Twenty-something Justine and her younger cousin Jules, still studying for the “Bac”, have been brought up as siblings by their paternal grandparents following the horrific death of both their parents in a car crash. The trauma of this event may be what has reduced both Justine’s self esteem and ambition, leaving her content to work as a care assistant at “Les Hortensias”, the local old people’s home in her French village. Clearly full of empathy for the residents, Justine is particularly drawn to Hélène, who lives mostly in her imagination, on a Mediterranean beach with her long dead lover Julien, yet retains the ability to recount so many of her reminiscences that Justine is able to make a detailed record of her life. It is unclear how much of this she has embellished, but does it matter?
With the chapters switching between past and present, this often seems an overcomplicated tale. When Hélène and Lucien are separated by war, what keeps them apart and how will they be reunited? Their story has a dreamlike quality, larded with sentimentality and melodrama, without flinching from some grim events. The verging on magic realism in the form of Hélène’s guardian seagull, ever-present except when reassuringly absent looking out for Lucien, makes other implausible incidents seem par for the course.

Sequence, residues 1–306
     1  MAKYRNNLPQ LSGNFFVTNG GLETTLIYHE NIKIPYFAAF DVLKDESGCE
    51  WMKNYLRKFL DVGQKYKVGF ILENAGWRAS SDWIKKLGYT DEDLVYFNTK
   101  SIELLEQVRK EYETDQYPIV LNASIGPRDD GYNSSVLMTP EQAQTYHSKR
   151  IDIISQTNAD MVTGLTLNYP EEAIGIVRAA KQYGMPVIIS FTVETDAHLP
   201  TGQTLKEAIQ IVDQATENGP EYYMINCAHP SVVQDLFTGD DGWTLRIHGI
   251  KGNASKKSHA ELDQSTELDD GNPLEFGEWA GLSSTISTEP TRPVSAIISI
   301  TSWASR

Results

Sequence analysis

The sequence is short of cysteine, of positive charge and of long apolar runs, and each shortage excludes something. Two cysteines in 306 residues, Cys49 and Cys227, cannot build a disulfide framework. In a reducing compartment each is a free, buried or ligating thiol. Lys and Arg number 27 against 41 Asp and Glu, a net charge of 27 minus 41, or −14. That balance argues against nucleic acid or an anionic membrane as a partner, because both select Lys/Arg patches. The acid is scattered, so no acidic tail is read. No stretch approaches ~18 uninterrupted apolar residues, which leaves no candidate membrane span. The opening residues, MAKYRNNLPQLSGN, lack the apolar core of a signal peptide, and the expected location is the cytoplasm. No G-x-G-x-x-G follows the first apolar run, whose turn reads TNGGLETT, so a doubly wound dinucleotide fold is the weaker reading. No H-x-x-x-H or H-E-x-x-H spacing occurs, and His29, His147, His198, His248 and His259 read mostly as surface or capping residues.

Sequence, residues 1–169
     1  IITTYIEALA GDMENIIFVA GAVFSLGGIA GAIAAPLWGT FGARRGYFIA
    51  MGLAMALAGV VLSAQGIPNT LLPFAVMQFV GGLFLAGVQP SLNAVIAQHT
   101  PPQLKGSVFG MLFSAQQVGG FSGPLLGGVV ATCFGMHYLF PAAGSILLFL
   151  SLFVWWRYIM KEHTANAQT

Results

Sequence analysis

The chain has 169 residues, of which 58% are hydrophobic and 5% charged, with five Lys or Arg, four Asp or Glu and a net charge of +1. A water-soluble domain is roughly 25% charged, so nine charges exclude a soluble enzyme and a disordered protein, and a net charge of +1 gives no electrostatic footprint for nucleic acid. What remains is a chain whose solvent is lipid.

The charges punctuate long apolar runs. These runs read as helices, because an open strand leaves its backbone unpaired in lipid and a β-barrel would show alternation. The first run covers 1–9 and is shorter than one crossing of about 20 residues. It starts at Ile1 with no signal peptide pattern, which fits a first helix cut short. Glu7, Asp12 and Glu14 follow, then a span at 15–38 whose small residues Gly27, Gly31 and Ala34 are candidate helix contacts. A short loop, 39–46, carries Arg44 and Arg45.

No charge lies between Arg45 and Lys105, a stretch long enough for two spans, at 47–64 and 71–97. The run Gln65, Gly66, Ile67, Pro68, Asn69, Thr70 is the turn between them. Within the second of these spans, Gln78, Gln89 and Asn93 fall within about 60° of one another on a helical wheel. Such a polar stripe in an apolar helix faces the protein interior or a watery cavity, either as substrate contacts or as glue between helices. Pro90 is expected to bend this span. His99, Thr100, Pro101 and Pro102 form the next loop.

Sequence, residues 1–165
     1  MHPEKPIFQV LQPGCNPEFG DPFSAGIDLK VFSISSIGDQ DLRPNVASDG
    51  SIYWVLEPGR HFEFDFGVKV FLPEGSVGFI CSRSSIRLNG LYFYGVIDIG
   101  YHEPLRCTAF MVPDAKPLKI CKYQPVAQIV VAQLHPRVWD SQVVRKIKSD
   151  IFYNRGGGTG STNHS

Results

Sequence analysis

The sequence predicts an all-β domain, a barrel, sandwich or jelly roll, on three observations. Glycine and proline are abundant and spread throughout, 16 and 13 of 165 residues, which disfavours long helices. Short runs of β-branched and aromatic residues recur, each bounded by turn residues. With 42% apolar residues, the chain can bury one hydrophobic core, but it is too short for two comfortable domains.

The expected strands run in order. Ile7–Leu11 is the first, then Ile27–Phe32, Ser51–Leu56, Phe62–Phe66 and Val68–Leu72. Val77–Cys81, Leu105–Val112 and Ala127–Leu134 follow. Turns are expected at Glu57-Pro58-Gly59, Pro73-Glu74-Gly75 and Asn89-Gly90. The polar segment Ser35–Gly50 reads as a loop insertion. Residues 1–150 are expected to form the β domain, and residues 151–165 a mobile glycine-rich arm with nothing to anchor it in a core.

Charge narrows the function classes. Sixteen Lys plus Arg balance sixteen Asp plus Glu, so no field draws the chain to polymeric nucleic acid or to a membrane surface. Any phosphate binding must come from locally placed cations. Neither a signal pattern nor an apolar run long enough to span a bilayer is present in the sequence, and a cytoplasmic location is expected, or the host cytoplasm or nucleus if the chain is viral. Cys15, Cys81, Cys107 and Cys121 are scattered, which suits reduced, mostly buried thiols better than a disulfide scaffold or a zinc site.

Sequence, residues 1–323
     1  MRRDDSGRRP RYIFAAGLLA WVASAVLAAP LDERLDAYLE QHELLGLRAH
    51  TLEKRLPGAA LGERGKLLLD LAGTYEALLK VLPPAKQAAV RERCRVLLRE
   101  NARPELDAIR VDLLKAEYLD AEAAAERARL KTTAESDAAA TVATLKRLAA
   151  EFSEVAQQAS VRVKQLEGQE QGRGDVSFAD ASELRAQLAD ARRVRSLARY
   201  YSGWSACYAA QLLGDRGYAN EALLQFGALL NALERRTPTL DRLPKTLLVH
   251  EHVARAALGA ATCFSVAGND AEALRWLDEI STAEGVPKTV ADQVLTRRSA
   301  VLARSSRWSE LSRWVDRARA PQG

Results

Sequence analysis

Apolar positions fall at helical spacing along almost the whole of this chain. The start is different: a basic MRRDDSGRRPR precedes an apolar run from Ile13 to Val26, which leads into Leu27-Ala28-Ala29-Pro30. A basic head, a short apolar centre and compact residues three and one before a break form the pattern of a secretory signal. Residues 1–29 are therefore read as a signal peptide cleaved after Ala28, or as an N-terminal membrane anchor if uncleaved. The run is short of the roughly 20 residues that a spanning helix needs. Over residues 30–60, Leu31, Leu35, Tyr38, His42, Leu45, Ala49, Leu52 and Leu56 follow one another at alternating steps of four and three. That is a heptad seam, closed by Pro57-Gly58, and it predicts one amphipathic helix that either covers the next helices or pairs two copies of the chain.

The thread based on Justine and her family forms a more authentic psychological drama which I would like to have seen developed in greater depth to form a larger part of the story. This gradually takes on the character of a crime novel. A malicious caller keeps contacting the relatives of “les oubliées du dimanche” (residents whom they don’t bother to visit) with false notifications that the latter have just died – ironically a way of inducing the relatives to rush to the care home! Then Justine begins to realise that foul play may have been involved in the deaths of her and Jules’ parents.
The portrayal of the care home rings true, and there are insightful portraits of some characters, observed with flashes of wry humour. Others are two-dimensional, like Roman, Hélène’s grandson, an unnerving image of Lucien with his startling “blue” gaze, too often a parody of a woman’s magazine hero.
A screenwriter and photographer, the author is focused on portraying intense repressed emotions and strong visual images. Too much is stirred into the resulting brew. Although there are sections where the narrative drags, it is mostly a page turner by reason of creating the desire “to know what happens”, although as is too often the case the denouement proves unconvincing on several counts.
I read this in French for a book group, and the fulsome praise of most reviewers leaves me feeling too much of a cynic!